Once reactivated, the viral symptoms typically present in 3 different phases. The pre-eruptive, or prodromal, phase exhibits symptoms associated with sensory phenomena presenting along the affected dermatome. These sensory symptoms may present as pain, burning, itching, or paresthesias. After the pre-eruptive phase follows the eruptive phase during which the affected dermatome erupts in a grouped vesicular rash (herpetiform) on an erythematous base. The vesicular lesions will most commonly present along a truncal dermatome, with facial onvolvement the second most prevalent. The lesions progress through a pattern of vesicles, pustules, crusting, and resolution.[11]

Disseminated herpes zoster is significantly rare and almost exclusively associated with severely immunocompromised states (i.e., AIDS, malignancy, long-term immunosuppressive therapy use, etc.). Affected patients are also at risk of life-threatening conditions including encephalitis or pneumonitis.

Of particular concern for herpes zoster infections is the involvement of the cranial nerves, particularly the trigeminal nerves (CN V). Herpes zoster ophthalmicus presents similarly to herpes zoster infections affecting the trunk, beginning with the prodromal phase of burning or itching on the skin, and can sometimes be clinically confused with trigeminal neuralgia while still in the pre-eruptive stage. The concern with herpes zoster ophthalmicus is that with the eruptive phase, lesions distribute along the face, and if involving the optic nerve, the oculomotor nerve, or the trigeminal nerve, blindness can result. Hutchinson’s sign, herpetic lesions along the lateral nose tip, indicates the involvement of the nasociliary branch of the first trigeminal nerve and is ominous of potential ocular involvement.[12]

Upon resolution of the lesions, pain can remain and continue to affect patients along the affected dermatome as postherpetic neuralgia.[11]

90,000 Treatment of radicular syndrome of the lumbosacral spine in Moscow in the Dikul clinic: prices, appointment

Lumbar radiculopathy (radicular syndrome) is a neurological condition caused by compression of one of the roots L1-S1, which is characterized by the presence of lower back pain radiating to the leg. Compression of the root can be manifested not only by pain (sometimes of a shooting nature), but also by impaired sensitivity by numbness, paresthesias or muscle weakness.Radiculopathy (radicular syndrome) can occur in any part of the spine, but it most often occurs in the lumbar spine. Lumbo-sacral radiculopathy occurs in about 3-5% of the population, both in men and women, but, as a rule, in men, the syndrome occurs at the age of 40, and in women, the syndrome develops between the ages of 50 and 60. Treatment of the radicular syndrome of the lumbosacral spine can be carried out using both conservative methods and using surgical techniques.


Any morphological formations or pathological processes that lead to a compression effect on the nerve root can cause radicular syndrome.

The main causes of lumbar radiculopathy are:

  • A herniated disc or protrusion can put pressure on the nerve root and lead to inflammation in the root area.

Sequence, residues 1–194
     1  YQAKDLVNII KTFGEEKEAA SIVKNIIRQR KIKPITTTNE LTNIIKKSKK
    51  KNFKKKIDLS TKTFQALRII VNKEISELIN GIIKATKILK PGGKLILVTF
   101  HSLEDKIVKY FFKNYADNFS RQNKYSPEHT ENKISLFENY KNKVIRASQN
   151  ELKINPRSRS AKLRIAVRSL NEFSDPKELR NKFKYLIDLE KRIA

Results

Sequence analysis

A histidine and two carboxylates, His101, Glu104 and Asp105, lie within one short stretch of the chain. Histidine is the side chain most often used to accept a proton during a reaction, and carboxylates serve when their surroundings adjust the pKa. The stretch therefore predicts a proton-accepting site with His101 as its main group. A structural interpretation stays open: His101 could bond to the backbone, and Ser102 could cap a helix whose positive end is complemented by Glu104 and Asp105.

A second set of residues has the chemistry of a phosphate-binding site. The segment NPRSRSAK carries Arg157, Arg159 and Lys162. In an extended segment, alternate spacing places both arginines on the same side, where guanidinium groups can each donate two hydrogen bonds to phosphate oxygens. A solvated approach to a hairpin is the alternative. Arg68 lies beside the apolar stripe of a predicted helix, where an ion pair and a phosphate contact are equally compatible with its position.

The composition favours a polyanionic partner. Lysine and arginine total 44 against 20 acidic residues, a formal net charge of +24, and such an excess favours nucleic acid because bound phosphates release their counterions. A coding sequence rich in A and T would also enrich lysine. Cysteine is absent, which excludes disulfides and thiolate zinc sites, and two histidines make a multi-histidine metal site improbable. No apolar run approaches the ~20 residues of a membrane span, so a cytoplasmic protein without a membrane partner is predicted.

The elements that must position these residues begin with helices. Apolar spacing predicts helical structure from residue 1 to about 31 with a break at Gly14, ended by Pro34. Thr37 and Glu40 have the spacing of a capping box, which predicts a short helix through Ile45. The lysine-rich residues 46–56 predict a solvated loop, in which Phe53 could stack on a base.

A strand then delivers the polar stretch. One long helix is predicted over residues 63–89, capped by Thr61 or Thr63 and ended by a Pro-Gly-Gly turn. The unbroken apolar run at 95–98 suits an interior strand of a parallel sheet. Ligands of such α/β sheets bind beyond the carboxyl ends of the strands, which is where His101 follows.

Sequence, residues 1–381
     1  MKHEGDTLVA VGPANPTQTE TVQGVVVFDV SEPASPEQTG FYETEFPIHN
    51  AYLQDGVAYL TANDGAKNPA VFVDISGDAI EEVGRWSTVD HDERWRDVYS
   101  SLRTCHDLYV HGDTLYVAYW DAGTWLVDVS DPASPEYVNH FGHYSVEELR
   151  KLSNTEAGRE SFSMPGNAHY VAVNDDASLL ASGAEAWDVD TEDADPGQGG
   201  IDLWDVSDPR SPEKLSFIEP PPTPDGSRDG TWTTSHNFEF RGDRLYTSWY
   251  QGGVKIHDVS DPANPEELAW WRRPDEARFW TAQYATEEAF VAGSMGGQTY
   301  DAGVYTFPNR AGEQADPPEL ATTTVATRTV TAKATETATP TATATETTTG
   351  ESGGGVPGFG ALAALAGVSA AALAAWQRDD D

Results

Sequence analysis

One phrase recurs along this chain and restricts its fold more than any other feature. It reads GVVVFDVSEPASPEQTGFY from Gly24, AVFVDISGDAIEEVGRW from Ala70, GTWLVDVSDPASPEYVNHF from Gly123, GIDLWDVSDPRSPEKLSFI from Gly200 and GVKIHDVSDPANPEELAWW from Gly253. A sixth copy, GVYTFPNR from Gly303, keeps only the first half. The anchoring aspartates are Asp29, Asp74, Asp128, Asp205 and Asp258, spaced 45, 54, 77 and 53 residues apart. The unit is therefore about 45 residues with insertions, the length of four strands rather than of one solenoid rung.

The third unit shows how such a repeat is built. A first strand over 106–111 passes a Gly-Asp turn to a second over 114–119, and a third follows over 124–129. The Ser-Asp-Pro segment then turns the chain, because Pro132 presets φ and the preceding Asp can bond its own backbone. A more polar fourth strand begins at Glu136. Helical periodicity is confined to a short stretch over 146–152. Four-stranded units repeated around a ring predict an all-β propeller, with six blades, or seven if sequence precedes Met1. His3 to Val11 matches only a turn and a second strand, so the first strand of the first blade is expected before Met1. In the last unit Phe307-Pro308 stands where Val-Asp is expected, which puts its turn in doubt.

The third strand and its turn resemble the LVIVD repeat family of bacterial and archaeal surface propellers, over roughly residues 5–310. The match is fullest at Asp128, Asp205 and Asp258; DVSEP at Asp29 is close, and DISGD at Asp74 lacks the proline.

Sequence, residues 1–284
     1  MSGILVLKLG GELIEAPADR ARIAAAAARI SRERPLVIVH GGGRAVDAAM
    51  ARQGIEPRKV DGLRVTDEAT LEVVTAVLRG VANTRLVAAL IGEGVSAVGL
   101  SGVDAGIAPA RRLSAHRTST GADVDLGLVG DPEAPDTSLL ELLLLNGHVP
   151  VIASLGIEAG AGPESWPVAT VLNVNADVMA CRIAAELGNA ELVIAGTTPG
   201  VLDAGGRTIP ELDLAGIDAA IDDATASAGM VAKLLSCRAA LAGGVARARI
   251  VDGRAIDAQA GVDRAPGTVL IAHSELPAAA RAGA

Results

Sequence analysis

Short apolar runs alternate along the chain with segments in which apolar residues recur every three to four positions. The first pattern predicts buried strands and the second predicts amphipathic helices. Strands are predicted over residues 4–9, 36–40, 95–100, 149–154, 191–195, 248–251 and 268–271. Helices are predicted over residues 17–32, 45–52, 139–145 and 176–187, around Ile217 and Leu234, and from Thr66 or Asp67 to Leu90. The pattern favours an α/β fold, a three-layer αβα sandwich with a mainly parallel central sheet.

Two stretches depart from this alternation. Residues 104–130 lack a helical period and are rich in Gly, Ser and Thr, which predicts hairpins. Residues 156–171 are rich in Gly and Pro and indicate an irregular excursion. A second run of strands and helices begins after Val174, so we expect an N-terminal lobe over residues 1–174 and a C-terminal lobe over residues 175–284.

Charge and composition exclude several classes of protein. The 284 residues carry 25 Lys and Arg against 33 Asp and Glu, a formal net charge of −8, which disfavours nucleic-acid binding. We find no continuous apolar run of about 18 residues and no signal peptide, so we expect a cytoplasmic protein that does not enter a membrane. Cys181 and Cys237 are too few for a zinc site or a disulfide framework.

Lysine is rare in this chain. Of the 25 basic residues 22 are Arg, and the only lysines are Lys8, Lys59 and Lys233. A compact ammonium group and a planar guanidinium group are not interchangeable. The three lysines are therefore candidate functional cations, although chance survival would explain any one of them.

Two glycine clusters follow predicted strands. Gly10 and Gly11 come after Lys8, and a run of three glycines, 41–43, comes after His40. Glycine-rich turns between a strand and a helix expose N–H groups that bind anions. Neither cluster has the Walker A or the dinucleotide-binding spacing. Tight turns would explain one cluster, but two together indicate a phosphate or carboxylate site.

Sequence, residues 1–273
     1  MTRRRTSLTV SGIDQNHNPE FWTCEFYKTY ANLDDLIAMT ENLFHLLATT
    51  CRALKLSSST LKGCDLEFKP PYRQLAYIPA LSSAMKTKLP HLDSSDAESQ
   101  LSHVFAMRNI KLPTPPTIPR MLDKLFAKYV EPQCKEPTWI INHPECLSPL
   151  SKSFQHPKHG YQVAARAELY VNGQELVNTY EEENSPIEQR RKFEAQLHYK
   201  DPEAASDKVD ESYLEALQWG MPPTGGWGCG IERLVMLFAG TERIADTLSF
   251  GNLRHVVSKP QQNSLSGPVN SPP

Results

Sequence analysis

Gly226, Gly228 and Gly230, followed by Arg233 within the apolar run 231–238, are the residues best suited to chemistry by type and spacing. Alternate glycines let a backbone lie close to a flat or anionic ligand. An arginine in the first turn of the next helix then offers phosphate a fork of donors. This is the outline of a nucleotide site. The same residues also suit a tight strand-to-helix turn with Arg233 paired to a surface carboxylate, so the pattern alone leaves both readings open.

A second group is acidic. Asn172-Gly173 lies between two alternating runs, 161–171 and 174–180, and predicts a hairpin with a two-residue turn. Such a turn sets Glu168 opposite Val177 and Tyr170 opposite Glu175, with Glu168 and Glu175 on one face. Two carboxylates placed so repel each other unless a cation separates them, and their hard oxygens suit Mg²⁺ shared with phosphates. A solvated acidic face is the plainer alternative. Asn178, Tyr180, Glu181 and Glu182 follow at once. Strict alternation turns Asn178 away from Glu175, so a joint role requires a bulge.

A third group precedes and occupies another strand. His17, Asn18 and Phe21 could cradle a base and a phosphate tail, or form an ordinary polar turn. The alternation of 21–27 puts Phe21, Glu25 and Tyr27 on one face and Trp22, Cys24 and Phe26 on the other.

• Degenerative disease of the joints of the spine resulting in the formation of bony spines at the facet joints, which can lead to narrowing of the intervertebral space, which will compress the nerve roots.
  • Trauma or muscle spasm can put pressure on the root and cause symptoms in the innervation area.
  • Degenerative disc disease, which leads to deterioration of the structure of the intervertebral discs, and a decrease in the height of the discs, which can lead to a decrease in free space in the intervertebral foramen and compression of the root at the exit of the spinal column.
  • Spinal stenosis
  • Tumors
  • Infections or systemic diseases

In patients under 50 years of age, the most common cause of radicular syndrome in the lumbar spine is a herniated disc.After age 50, radicular pain is often caused by degenerative changes in the spine (stenosis of the intervertebral foramen).

Risk factors for the development of lumbar radiculopathy:

  • age (45-64 years)
  • smoking
  • mental stress
  • Strenuous physical activity (frequent heavy lifting)
  • Driving or vibration


Symptoms resulting from radicular syndrome (radiculopathy) are localized in the area of ​​innervation of a particular root.

  • Back pain radiating to the buttock, leg and extending down behind the knee, to the foot – the intensity of the pain depends on the root and the degree of compression.
  • Violation of normal reflexes in the lower limb.
  • Numbness or paresthesia (tingling) can occur from the lower back to the foot, depending on the area of ​​innervation of the affected nerve root.
  • Muscle weakness can occur in any muscle that is innervated by a pinched nerve root.Prolonged pressure on a nerve root can cause atrophy or loss of function in a particular muscle.
  • Pain and local tenderness are localized at the level of the damaged root.
  • Muscle spasm and postural changes in response to root compression.
  • Pain increases with exertion and decreases after rest